Back in July, when we forecast that the Fed's reverse repo would hit $2.5 trillion by year end, we thought that this projection was too aggressive even for a Fed as clueless as this one. Maybe not.
Moments ago, the NY Fed reported that today's overnight repo saw a record $1.604 trillion in usage, the highest number on record distributed among 92 counterparties, also the most on record.
Oh, just $1.6 trillion flowing onto the Fed's books via reverse repos for the last day of the month and the quarter. pic.twitter.com/6rnT0lzmEQ— Michael S. Derby (@michaelsderby) September 30, 2021
Putting this explosion in context:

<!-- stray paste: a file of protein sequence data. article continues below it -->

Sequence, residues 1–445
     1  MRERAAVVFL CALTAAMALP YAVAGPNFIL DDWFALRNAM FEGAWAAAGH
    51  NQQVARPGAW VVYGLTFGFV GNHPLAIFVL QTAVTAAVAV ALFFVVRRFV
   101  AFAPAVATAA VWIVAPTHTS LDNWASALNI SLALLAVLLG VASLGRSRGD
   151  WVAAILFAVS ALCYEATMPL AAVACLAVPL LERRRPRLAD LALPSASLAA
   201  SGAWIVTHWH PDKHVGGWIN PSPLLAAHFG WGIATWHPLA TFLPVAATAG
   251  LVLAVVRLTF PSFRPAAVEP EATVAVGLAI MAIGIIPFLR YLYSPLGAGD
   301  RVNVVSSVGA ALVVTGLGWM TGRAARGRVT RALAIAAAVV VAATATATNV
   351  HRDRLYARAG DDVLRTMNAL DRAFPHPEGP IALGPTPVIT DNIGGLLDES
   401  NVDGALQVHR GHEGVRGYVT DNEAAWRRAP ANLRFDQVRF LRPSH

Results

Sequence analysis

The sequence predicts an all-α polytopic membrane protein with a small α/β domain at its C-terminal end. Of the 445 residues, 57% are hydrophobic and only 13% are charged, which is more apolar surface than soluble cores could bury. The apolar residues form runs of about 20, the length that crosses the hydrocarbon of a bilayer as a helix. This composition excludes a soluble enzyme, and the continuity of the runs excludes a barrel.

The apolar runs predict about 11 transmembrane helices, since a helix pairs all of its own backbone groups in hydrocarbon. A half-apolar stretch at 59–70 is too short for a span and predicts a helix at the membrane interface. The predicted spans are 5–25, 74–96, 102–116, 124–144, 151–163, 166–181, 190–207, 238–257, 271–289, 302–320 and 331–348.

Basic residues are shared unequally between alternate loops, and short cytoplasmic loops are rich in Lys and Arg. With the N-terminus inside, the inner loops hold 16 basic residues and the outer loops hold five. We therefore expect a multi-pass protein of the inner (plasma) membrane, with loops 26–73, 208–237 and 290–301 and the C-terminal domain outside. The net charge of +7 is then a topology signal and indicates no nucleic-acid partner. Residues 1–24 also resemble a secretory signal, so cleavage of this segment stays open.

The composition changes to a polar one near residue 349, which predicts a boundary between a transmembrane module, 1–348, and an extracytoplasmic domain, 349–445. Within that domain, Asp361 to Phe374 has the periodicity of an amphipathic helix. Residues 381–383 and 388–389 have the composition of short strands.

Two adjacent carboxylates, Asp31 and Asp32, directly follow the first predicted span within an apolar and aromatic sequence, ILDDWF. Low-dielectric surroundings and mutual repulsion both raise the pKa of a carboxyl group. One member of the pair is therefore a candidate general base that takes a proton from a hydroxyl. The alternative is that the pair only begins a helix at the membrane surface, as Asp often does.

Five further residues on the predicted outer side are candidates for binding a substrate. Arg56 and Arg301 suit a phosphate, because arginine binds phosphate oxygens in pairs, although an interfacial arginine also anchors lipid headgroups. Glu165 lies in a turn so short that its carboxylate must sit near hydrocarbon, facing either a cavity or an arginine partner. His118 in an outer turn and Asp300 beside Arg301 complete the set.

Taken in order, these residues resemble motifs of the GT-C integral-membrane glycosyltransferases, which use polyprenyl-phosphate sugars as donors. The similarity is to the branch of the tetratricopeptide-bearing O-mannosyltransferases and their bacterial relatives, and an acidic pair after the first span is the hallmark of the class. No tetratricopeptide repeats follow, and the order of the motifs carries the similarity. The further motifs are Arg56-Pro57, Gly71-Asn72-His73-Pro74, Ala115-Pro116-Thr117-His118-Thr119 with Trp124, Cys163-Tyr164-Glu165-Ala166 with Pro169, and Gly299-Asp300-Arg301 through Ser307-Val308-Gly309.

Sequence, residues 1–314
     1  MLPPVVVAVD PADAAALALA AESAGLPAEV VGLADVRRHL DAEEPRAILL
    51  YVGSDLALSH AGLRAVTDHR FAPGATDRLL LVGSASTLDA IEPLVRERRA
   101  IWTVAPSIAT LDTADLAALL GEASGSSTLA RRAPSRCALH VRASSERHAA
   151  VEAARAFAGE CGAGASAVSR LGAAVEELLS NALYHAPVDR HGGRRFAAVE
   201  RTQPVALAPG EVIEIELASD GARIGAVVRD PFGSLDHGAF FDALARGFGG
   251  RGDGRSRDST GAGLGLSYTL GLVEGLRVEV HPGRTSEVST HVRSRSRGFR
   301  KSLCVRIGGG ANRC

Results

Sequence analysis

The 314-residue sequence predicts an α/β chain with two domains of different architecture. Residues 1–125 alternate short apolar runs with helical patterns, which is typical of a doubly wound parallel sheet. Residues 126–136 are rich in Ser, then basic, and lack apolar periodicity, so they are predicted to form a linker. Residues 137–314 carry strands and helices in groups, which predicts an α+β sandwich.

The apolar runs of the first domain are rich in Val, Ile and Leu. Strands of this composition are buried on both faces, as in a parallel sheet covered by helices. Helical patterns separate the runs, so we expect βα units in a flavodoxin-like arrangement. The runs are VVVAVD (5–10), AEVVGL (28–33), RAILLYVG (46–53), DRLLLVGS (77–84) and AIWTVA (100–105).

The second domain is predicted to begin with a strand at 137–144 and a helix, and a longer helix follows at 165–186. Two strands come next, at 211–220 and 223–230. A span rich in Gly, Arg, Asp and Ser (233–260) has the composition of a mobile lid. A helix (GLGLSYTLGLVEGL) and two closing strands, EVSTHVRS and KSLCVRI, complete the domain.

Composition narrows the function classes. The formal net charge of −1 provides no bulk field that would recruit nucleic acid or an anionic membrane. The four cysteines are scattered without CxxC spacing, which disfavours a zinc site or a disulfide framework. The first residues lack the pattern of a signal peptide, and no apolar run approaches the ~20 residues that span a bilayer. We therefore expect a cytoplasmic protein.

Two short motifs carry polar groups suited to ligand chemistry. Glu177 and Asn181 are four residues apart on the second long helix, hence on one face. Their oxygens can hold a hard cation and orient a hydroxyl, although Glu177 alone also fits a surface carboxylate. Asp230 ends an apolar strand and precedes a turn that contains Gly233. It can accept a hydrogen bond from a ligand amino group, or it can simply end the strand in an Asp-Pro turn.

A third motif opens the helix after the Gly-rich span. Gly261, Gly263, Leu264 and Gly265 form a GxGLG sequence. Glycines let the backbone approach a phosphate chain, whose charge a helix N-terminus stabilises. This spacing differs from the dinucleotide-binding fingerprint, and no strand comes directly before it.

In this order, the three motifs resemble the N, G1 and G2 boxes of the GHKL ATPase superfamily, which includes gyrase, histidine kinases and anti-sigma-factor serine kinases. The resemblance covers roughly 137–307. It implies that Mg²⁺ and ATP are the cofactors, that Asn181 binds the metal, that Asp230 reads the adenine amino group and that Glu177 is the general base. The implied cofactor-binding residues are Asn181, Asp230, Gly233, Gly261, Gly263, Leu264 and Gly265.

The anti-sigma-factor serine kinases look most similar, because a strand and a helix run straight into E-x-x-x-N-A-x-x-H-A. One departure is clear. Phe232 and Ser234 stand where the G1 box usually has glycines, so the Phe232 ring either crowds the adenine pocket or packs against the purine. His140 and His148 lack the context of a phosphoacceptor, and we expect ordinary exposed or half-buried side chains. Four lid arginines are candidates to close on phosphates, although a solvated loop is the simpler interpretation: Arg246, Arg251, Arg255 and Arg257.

To be sure, a substantial portion of today's surge was due to month and quarter-end window dressing, and we expect about $200 billion in the total to drop tomorrow once we enter October, however even at $1.4 trillion to say that liquidity conditions are anywhere close to normal would be a joke.
That said, one reason we don't anticipate a continued surge in the rev repo facility is because one of the biggest sources of funding, the Treasury's cash balance, has been almost drained and at $173 billion was the lowest since August 2020. This number will likely drop to just shy of zero by Oct 18 when the debt ceiling D-date hits and the Treasury runs out of cash.
Meanwhile, in other broken market observations, today was the 2nd consecutive Bill auction which saw rate on the 4 Week come higher than that on the 8 Week, typically an unprecedented inversion yet one made possible because the bond market is clearly concerned that the debt ceiling drama will not be resolved on time, or worse.